• Potomac Photonics
  • February 08, 2021

Potomac Automates Quality Control Inspection via In-house Innovative Software Development

Potomac Automates Quality Control Inspection via In-house Innovative Software Development

Today, speed is the name of the game.  But speed without accuracy in all its forms defeats the purpose of fast delivery.  At Potomac, we provide some of the quickest turnaround in manufacturing for medical device, microfluidic, biotech, consumer product and microelectronics customers also with the highest level of quality.

Meeting customer specifications is especially challenging when we are working on very small spatial scales. Laser or CNC drilled holes of a few microns in diameter with ½ micron accuracy need extra precise measurement to ensure our advanced manufacturing services provide fully functional parts for the sophisticated products our capabilities enable.

Striking a balance between fast delivery and accuracy is the QC holy grail at these super small sizes. Potomac has developed internal automated inspection software that significantly increases measurement speed by calculating the size of multiple holes simultaneously.  At the moment, 5 holes can be verified in as little as 30 seconds which exponentially speeds up inspection.

Open Source Innovation

The project points to the successful innovation of today’s young people.  College students Clay Chung and Jacob Adelstein worked as interns at Potomac for the past year while the pandemic curtailed normal college life. “We always give our interns real-life projects”, explains Potomac President and CEO Mike Adelstein, “that would reinforce what they were learning from books and create the opportunity for creative problem-solving.”  In addition, the real-world project would supplement online virtual classes for a more well-rounded experience.

Drawing from the open source ImageJ, a Java image processing program originally developed at the National Institutes of Health, Clay and Jacob used developer tools available to the community to create their own version of the analysis tool.  The new software can quickly capture and image a part in order to isolate and calculate the size of holes. 

Because the interns were developing the software for an industrial application, they recognized some important parameters.  “We wanted the program to be easy to set up as Potomac jobs change from customer to customer”, says Jacob.  “It’s very user friendly which is important in a contract manufacturing environment.”  Clay reiterates: “Costs were a consideration since that ultimately impacts customer pricing.  We were able to use off the shelf equipment that allowed us to meet our cost goals and provide high level QC that was also affordable.”

The process works with most materials, but there needs to be good contrast for the imaging to pick up the required level of hole detail.  Kapton, mylar, and metals are good candidates, while clear materials are more difficult to image.  An added advantage is the ability to get a clearer idea of edge and cut quality which for many applications is a key consideration of good quality.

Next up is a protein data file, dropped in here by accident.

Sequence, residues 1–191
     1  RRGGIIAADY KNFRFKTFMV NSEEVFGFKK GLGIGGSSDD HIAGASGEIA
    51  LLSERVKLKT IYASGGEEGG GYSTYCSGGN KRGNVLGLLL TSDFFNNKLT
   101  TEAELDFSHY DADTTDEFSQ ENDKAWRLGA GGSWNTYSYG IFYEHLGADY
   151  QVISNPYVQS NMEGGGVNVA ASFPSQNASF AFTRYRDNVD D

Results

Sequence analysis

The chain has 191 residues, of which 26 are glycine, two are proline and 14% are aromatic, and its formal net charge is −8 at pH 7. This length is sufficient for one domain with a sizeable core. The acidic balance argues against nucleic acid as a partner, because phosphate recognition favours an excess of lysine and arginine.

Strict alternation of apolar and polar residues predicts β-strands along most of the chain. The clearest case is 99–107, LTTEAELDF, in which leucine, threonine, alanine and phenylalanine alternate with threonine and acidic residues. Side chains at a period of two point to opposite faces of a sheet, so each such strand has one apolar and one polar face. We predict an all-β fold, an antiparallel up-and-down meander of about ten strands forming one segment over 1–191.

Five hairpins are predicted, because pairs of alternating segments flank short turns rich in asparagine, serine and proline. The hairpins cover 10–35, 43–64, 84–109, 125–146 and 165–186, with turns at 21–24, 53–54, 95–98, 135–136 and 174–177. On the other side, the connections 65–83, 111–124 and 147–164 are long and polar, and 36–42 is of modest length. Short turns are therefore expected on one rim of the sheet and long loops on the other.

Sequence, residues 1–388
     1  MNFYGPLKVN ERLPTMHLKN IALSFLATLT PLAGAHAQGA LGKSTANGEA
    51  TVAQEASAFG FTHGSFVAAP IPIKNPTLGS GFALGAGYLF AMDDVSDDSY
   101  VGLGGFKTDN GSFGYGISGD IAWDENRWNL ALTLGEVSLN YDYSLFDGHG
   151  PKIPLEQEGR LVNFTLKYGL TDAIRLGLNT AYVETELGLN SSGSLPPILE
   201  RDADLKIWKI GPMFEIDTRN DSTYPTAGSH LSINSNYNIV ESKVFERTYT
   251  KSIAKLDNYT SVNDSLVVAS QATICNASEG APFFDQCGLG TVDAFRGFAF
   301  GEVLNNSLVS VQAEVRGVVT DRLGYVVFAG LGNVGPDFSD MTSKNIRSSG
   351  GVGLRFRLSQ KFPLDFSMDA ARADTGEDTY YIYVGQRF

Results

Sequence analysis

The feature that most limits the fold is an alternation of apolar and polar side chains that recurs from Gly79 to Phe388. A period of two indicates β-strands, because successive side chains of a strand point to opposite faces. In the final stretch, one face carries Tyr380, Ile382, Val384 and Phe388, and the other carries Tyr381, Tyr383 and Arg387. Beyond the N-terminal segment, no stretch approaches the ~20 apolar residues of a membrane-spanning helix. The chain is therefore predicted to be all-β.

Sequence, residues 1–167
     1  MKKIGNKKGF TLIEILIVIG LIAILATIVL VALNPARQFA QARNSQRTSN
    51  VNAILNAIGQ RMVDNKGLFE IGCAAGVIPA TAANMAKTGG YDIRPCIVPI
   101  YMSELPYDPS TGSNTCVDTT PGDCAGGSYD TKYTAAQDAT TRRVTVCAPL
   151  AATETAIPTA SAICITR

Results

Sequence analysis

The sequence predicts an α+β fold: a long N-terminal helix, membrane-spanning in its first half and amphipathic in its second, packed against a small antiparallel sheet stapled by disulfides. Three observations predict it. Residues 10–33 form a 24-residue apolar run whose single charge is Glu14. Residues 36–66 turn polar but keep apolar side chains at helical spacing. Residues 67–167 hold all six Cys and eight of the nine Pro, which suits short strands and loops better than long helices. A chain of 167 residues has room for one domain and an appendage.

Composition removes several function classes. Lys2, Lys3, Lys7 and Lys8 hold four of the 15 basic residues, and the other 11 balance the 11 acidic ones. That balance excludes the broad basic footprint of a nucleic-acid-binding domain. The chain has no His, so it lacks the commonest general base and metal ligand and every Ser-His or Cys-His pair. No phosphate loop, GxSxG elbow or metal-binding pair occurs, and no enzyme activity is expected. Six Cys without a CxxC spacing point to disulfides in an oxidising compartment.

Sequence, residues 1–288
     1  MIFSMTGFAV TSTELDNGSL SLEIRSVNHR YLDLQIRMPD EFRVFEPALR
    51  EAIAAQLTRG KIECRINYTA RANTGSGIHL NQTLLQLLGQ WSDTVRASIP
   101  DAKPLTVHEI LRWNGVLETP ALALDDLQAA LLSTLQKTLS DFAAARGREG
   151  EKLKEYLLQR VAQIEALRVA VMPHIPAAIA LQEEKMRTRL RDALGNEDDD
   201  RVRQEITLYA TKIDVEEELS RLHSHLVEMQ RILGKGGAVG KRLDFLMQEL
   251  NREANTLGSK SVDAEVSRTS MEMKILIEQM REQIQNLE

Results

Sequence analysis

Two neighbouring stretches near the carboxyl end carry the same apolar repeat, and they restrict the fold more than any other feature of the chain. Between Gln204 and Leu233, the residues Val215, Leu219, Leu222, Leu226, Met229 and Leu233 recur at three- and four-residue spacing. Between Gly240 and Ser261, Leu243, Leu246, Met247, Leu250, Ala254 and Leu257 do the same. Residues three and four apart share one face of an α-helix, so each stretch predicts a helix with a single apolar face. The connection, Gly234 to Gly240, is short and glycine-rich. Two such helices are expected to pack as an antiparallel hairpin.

The calibration process works from standards developed with the customer’s own measurements and the interns plan to focus next on further improving both calibration and ease of use.  Of course, the new automated inspection software works best with smaller hole sizes since the entire hole needs to be seen by the system for successful imaging. 

Thanks to our powerful internship program, Potomac has exponentially extended the industry standard in quality assurance while maintaining fast delivery.






Other Posts

Pushing the Limits in 2023

Even after decades of success helping innovators prototype and manufacture the next generation of products in a diverse range of industries, each year Potomac still evaluates how we can develop even more market specific products for the biotech, microfluidics, EV Battery, microelectronics, aerospace, and consumer markets. 2023 is no different. For the year ahead we…

  • Potomac Photonics
  • January 31, 2023

Combining 3D Printing & Microfluidic Devices at UMBC 

To Create Liver on a Chip Research via NIH Grant Drug discovery is in a radical digital transformation period. Historically, developing new pharmaceuticals has been a very long – think years or even decades – and expensive – think billions of dollars – process. A large part of the time and cost in bringing new…

  • Potomac Photonics
  • December 27, 2022

For National Breast Cancer Awareness Month:
Advancing Diagnostics & R&D with Microfluidic Technology

There is a reason that Media Personality Katie Couric announced her June breast cancer diagnosis in the first few days of October. The TV news pioneer strategically timed her public reveal with the start of National Breast Cancer Awareness Month. Started in 1991 by the National Breast Cancer Foundation, the annual month of educational activities…

  • Mike Adelstein
  • October 11, 2022